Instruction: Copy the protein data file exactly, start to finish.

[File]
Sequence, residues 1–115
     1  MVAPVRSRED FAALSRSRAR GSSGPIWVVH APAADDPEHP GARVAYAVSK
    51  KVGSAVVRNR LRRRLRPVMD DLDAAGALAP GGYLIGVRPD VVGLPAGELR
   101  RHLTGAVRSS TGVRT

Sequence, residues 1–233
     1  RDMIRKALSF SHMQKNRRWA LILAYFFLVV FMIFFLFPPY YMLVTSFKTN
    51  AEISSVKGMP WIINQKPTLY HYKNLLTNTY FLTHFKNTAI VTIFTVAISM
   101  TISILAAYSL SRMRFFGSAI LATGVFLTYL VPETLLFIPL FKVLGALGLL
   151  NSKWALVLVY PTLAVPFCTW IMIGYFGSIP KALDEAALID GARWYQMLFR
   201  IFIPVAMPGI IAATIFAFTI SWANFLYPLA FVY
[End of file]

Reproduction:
Sequence, residues 1–115
     1  MVAPVRSRED FAALSRSRAR GSSGPIWVVH APAADDPEHP GARVAYAVSK
    51  KVGSAVVRNR LRRRLRPVMD DLDAAGALAP GGYLIGVRPD VVGLPAGELR
   101  RHLTGAVRSS TGVRT

Sequence, residues 1–233
     1  RDMIRKALSF SHMQKNRRWA LILAYFFLVV FMIFFLFPPY YMLVTSFKTN
    51  AEISSVKGMP WIINQKPTLY HYKNLLTNTY FLTHFKNTAI VTIFTVAISM
   101  TISILAAYSL SRMRFFGSAI LATGVFLTYL VPETLLFIPL FKVLGALGLL
   151  NSKWALVLVY PTLAVPFCTW IMIGYFGSIP KALDEAALID GARWYQMLFR
   201  IFIPVAMPGI IAATIFAFTI SWANFLYPLA FVY